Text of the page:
Fetal Cerebral Oxygenation: The Homeostatic Role of Vascular Adaptations to Hypoxic Stress

  • William J. PearceEmail author
  • Stacy M. Butler
  • Jenna M. Abrassart
  • James M. Williams
Conference paper
Part of the Advances in Experimental Medicine and Biology book series (AEMB, volume 701)


The mammalian fetus is highly adapted for growth in a low-O2 environment in which arterial O2 tensions average near 30 mm Hg. Acute decreases in O2 tension below this value elicit vasodilatation, but the responses are blunted compared to those observed in adults. Chronic hypoxia in the fetus stimulates a pattern of cerebrovascular remodeling that results in an increased wall thickness and decreased overall contractility and also depresses the capacity for cerebral vasodilatation through decreases in NO release, soluble guanylate cyclase activity, and expression of PKG substrates. Many of these hypoxic effects appear to be homeostatic and may be mediated by VEGFs, which increase in direct response to hypoxia and, in turn, can dramatically alter the expression and function of multiple contractile proteins in cerebrovascular smooth muscle through both endothelium-dependent and endothelium-independent effects on large artery smooth muscle.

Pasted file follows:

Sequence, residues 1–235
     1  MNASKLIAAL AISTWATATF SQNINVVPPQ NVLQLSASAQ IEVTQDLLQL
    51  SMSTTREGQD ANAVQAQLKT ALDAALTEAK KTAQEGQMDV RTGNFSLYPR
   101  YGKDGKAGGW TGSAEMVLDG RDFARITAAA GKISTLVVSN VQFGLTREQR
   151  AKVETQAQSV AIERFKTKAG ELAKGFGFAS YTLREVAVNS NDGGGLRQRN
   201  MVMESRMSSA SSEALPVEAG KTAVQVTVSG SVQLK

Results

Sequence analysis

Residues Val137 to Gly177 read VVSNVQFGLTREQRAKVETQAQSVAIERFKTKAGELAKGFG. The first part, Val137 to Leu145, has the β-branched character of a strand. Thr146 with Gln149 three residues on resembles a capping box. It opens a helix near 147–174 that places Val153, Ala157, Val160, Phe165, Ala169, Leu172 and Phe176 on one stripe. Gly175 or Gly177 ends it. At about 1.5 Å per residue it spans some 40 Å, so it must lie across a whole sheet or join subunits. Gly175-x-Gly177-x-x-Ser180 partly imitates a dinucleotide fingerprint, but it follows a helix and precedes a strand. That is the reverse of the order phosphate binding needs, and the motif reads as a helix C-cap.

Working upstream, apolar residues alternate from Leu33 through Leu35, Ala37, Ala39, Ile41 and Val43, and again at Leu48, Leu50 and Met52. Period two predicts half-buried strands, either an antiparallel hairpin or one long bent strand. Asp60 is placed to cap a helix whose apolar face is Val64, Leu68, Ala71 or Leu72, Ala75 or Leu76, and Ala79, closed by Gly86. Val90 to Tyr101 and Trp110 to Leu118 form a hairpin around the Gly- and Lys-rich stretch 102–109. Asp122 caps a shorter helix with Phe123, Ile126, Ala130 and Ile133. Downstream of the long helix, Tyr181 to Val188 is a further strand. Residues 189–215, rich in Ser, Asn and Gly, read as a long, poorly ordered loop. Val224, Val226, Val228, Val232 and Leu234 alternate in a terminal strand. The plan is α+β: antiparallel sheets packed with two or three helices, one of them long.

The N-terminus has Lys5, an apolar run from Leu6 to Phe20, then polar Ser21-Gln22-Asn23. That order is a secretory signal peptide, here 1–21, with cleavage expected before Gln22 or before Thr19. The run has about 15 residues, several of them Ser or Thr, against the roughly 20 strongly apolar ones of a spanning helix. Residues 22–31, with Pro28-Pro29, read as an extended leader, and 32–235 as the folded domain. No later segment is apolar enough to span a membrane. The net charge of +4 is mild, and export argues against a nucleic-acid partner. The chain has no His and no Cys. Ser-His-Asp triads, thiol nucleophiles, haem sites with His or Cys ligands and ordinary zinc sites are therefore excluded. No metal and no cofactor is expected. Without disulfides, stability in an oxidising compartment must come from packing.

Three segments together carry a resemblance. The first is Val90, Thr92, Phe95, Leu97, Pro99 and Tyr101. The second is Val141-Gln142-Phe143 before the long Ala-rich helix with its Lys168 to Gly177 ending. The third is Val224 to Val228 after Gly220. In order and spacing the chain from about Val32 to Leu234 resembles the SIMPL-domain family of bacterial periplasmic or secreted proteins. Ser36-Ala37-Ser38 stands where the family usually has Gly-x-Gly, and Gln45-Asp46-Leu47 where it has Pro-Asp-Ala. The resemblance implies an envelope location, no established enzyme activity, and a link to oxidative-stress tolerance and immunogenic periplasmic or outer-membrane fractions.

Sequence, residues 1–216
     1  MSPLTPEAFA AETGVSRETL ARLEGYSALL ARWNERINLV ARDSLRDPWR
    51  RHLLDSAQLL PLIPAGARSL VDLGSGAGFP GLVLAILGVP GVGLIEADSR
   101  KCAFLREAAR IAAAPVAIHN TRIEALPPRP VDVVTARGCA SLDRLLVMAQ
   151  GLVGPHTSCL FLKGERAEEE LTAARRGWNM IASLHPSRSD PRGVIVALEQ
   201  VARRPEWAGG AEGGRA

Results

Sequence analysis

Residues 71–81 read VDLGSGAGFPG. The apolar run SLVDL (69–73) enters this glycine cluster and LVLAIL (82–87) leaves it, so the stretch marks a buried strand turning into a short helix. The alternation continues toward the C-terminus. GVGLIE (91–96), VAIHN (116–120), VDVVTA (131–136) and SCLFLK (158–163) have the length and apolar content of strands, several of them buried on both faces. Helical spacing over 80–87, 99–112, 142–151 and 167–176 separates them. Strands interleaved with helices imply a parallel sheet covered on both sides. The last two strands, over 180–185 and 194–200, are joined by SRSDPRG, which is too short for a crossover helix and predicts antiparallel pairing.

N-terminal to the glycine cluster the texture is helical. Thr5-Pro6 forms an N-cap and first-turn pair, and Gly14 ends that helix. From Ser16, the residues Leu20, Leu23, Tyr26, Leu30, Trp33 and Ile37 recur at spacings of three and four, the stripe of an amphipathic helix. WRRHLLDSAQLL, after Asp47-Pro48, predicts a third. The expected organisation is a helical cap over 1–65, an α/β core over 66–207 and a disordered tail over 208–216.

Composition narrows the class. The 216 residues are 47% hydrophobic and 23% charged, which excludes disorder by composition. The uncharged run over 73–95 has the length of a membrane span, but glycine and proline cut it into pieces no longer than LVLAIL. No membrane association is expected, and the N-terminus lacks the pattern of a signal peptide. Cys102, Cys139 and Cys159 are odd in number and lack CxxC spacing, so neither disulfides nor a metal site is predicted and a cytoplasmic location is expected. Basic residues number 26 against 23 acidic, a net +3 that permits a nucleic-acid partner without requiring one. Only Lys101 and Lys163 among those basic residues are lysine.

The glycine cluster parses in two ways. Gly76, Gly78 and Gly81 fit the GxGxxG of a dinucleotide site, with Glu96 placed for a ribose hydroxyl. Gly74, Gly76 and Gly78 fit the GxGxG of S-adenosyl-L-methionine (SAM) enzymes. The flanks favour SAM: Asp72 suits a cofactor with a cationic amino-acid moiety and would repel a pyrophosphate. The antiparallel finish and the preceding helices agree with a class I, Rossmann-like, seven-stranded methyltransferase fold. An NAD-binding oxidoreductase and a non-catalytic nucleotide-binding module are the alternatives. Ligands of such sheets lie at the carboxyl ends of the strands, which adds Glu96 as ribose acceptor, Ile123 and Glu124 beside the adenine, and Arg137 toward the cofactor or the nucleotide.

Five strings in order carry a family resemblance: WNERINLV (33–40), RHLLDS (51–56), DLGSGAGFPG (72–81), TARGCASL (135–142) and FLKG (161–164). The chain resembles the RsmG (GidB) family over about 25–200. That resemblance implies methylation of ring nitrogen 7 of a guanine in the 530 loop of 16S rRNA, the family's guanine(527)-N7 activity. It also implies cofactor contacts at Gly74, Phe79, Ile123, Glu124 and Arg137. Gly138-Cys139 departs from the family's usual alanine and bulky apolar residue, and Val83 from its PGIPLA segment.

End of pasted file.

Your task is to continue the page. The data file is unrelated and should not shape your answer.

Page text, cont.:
Chronic Hypoxia Increase Wall Thickness Myogenic Tone Vascular Adaptation Mammalian Fetus 
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Copyright information

© Springer Science+Business Media, LLC 2011

Authors and Affiliations

  • William J. Pearce
    • 1
    Email author
  • Stacy M. Butler
    • 1
  • Jenna M. Abrassart
    • 1
  • James M. Williams
    • 1
  1. 1.Center for Perinatal Biology, Divisions of Physiology, Pharmacology, and BiochemistryLoma Linda University School of MedicineLoma LindaUSA

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